He is more than just a dealmaker. He is a master of hype, recruiting eye-catching designers, many from outside France, to shake up the fashion establishment. Their shock value is not just confined to the catwalk. It provides publicity for high-margin fashion accessories, such as perfumes and handbags, that are LVMH’s more mainstream bread and butter. Moreover, he imposes a machine-like efficiency on the group, modernising production processes, mainly selling through LVMH’s own stores rather than licensees, and recruiting the best in the business.
His discipline extends to profits. Though he has his eye on long-term brand equity, quarterly results rarely miss a beat. Louis Vuitton is the flagship. Mr Solca estimates it generates €20bn in sales (about a third of LVMH’s revenues in 2021), with operating margins close to 50%. Gucci pales in comparison. The cashflow enables him to outspend rivals on the fanciest stores and the splashiest marketing campaigns. An advertisement in the run-up to the World Cup, shot by Annie Leibovitz, showing footballers Lionel Messi and Cristiano Ronaldo playing chess on a Vuitton briefcase, is a case in point (even if Kylian Mbappé, the French striker, would have been a more inspired choice than Ronaldo).
Pitchforks and silver spoons
LVMH has vulnerabilities. Mr Arnault was early to spot the promise of globalisation, first identifying the Japanese taste for luxury, and then the Chinese one. Asia, which had more than 2,200 LVMH stores in 2021, is by far its biggest source of revenue. However, Russia’s invasion of Ukraine has highlighted geopolitical threats. If the firm had to pull out of China, it would be a disaster. Moreover, premiumisation has accompanied the rise of social inequality around the world. While people believe they can emulate the rich, that is good for business. But if they feel they will never be able to join the monogrammed elite, frustrations may rise.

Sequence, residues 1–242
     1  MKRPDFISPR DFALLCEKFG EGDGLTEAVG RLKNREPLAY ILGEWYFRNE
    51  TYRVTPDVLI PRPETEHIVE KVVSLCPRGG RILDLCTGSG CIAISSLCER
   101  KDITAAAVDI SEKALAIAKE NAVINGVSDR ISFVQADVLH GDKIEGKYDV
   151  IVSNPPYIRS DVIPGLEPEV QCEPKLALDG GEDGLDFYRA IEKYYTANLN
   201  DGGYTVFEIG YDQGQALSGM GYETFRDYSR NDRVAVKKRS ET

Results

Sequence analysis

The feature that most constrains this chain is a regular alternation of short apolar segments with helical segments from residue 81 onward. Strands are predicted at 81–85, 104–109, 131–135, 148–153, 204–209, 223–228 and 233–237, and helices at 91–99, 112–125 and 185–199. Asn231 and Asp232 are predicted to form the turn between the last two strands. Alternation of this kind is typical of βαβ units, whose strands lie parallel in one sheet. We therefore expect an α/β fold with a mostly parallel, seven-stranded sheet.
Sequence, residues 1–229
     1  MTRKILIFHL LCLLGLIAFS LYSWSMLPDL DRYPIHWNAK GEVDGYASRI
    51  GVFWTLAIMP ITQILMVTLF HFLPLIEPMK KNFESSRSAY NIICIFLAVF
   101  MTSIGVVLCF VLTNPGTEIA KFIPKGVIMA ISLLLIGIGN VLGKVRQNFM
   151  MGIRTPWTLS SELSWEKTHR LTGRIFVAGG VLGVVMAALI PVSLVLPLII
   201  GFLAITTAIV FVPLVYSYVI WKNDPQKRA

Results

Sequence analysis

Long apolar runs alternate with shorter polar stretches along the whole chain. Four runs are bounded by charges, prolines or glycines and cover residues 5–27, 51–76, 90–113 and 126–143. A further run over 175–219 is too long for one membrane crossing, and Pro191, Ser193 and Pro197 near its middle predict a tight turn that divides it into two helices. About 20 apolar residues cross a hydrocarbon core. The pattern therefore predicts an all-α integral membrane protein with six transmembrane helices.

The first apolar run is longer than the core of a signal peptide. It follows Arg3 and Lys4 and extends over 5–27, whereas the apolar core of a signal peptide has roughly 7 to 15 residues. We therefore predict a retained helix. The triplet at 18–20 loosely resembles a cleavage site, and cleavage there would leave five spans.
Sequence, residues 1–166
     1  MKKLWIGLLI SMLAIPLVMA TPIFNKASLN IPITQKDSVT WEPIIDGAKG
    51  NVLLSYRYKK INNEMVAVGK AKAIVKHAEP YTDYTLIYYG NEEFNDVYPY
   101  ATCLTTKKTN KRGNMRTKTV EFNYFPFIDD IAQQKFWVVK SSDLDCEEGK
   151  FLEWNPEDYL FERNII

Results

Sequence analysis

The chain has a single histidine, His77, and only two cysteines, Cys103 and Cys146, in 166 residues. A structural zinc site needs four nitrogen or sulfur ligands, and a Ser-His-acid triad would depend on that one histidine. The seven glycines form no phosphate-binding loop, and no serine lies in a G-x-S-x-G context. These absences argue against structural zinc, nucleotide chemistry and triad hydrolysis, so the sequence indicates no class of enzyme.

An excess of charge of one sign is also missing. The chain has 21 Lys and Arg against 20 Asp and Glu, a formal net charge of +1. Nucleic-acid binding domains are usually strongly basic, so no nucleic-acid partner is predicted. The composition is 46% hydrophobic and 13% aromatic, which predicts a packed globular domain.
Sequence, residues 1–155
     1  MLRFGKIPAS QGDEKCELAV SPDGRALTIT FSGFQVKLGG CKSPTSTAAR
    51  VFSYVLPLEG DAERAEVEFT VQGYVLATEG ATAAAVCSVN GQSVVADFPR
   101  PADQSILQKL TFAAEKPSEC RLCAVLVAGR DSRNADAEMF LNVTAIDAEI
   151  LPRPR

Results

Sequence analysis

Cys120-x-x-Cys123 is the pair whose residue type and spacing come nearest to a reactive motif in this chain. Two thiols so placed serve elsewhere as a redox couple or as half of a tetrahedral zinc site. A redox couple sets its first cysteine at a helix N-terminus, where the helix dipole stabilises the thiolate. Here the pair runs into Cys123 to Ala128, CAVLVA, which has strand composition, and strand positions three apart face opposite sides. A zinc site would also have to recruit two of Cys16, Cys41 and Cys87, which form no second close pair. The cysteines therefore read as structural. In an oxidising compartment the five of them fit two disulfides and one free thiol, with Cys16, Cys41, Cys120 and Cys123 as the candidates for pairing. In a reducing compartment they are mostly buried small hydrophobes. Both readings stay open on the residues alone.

Yet Mr Arnault’s European heritage gives him an extra edge in the wealth stakes. He has an old-world faith in bloodlines. Unlike Mr Musk, who has squandered some of his Tesla stock on Twitter, Mr Bezos, who surrendered part of Amazon to his ex-wife, and Mr Gates, who has sold most of his Microsoft shares, his number-one priority is to retain control of LVMH, in which his family holds an unassailable 48% stake. His five children all work in the business—albeit in what Mr Solca calls a “Darwinian contest” to succeed him when he eventually retires. No one knows better than the lord of luxury the value of keeping hold of the family silver. ■
Read more from Schumpeter, our columnist on global business:
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The rise of the super-app (Dec 8th)
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This article appeared in the Business section of the print edition under the headline “The sovereign of savoir-faire”